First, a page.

The very unfortunate: The very unfortunate decision

The very unfortunate decision

The very unfortunate decision
or words to that effect coming
from the intellect of a human
not from the non-leafy parts

The very unfortunate decision
(a newly-married couple visiting)
to go into an area where
700 murders occur a year

Not 700 rapes
Not 700 malnourished
Not 700 femicides
in your traditional calendar year

The very unfortunate decision
tourists going into Gugulethu
tourists going into a place
where people live their lives
(women and children are there)

The very unfortunate decision
not going into a leafy suburb
not going into the usual places
tourists get taken to in our name

The very unfortunate decision
apartheid-created ghettos still
casting a long shadow over all
but business is as it is usual

A very unfortunate decision, courtesy of an executive editor, on Sunday morning’s “The Editors” programme, 21 November 2010. The “700 murders a year in Gugulethu” came forth via another media person on the show.

David Kapp, david_kapp@yahoo.com

Women and Water: World Toilet Day

Friday, November 19th was World Toilet Day.  While this may not have the ring to it that World Water Day or World AIDS Day has, like those days it brings attention to a pressing problem: the lack of adequate sanitation through much of the world.

Approximately 2.6 billion people in the world do not have access to basic sanitation.  The problem of lack of santitation compounds the problem of clean water access – without sanitation measures, people defecate in the open which eventually will wash into streams and rivers.  Drinking that water without treating it first can be extremely hazardous to one’s health, creating problems like widespread, chronic diarrhea and other water bourne illnesses.  Lack of sanitation has caused more deaths than all the wars of the 20th century combined.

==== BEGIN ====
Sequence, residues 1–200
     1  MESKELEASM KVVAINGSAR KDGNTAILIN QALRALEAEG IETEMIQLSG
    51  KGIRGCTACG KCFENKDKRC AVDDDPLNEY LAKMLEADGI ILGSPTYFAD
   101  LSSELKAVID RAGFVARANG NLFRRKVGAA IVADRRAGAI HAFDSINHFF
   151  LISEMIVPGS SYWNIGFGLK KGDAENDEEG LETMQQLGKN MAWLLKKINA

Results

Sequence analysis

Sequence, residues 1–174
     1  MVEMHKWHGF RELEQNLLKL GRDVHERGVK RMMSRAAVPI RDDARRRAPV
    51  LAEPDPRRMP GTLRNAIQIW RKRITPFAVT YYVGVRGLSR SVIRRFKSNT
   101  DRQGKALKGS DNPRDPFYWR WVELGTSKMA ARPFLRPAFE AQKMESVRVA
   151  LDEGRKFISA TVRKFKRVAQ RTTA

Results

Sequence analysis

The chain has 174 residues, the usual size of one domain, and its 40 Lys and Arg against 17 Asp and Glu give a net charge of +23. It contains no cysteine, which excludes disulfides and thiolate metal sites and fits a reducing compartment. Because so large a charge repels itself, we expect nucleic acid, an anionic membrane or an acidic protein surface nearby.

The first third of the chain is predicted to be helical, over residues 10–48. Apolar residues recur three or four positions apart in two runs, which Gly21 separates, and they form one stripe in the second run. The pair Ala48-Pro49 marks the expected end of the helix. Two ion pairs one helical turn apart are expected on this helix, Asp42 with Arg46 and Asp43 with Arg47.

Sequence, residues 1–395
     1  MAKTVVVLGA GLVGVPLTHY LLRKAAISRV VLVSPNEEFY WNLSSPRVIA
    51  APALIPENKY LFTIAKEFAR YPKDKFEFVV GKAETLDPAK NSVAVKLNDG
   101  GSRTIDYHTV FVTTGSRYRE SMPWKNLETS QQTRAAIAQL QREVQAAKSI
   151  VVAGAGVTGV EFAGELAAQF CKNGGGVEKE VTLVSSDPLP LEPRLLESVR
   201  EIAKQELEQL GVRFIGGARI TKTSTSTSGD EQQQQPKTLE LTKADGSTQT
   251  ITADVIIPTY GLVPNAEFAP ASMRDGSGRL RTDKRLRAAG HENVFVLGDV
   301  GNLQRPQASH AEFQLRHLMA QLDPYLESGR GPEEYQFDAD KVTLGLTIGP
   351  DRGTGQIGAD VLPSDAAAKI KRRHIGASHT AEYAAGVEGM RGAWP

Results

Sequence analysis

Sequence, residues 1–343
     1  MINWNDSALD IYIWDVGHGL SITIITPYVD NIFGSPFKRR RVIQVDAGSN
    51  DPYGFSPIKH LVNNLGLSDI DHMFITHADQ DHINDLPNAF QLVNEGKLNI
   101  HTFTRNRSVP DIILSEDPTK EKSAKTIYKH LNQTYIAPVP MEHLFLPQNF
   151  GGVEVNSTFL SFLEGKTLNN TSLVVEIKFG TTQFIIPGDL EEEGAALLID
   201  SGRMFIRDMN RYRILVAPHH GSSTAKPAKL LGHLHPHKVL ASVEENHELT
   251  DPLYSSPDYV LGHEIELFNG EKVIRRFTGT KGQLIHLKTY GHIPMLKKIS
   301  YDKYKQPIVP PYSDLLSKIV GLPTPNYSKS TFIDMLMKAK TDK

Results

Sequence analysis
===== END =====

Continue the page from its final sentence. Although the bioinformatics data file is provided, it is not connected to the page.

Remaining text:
World Toilet Day is a day of awareness to bring attention to this issue.  While the problem may seem to be solvable by just placing toilets in strategic areas, dirty toilets are just as much a part of the problem as no toilets.  The problem with lack of sanitation is a health problem, first and foremost, and dirty toilets can cause just as much risk to health as no toilets.

Lack of sanitation also complicates the issues of women’s security.  ‘Taking care of business’ in the open can leave a woman vulnerable to attack.  Additionally, she must do so in the early morning or late at night in order to protect her privacy because being seen going to the bathroom is associated with shame in many cultures.  Again this leaves her vulnerable to sexual assault.

Without adequate sanitation methods, young girls leave their education earlier because there is nowhere for them to urinate at school in private: the only option is to do so in front of peers, again making the girls vulnerable to sexual and physical assault.  Added to this is the problem of managing menstruation without adequate sanitation.  Without clean sanitation facilities, girls drop out during puberty.

In the Western world, we do not think about what impact not having toilets would be.  It is another bit of basic survival that is provided for us – we become disconnected to how important sanitation is because we don’t have to worry about finding a safe place to relieve ourselves.

If you are like me, you probably missed that last Friday was even a day of awareness.  It does not get the attention it deserves because in the Western world, we do not talk of such things.  They are taboo.  It seems like sanitation is only allowed to come up in the toilet humor of popular comedies, which are aimed at the male population.  Because women are especially not allowed to talk about such issues; it is ‘unseemingly’ or ‘unladylike.’ Feminist blogger RMJ tackles some of this in her blog ‘Deeply Problematic.’ Sanitation is another thing that women are supposed to keep private.  But keeping quiet can cause more problems than speaking up about the lack of sanitation in the world.

Women need to start speaking up about this.  The problem of sanitation does not go away just because we missed the awareness day – it is a continual problem that is not getting the attention it deserves.  Africa World Water Week is this week (Nov 22-26).  The goal of this week is to bring attention to water and sanitation issues in Africa, and the Millennium Development Goal to half the number of people without access to clean water and sanitation.  This goal is still far from being met, but getting people to talk about this issue is a big step forward.  So this week, when listing what you are thankful for, be thankful that you have access to adequate sanitation and get that conversation started.

Lisa Seyfried, lisa.seyfried@gmail.com

Haunts: Women farmers wait for justice

In the Washington, DC, metro area, the local food banks are swamped. Loudon County, a half hour away or so, is the wealthiest county in the United States, at least if measured by median income. For the first time ever, its food pantry is providing free food. It will feed some 2000 families this week. The same story goes for the other nearby wealthy counties, Montgomery in Maryland, Fairfax in Virginia. Food insecurity is on the rise here.